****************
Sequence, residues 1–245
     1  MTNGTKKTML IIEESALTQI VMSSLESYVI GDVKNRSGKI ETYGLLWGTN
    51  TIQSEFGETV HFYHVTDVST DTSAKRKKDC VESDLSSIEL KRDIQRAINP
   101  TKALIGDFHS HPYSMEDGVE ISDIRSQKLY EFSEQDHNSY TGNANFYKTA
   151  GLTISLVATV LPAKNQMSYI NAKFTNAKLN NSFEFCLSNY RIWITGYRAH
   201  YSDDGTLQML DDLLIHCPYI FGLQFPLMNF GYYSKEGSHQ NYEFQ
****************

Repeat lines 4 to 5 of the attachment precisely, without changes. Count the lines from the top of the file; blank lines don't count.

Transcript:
   101  TKALIGDFHS HPYSMEDGVE ISDIRSQKLY EFSEQDHNSY TGNANFYKTA
   151  GLTISLVATV LPAKNQMSYI NAKFTNAKLN NSFEFCLSNY RIWITGYRAH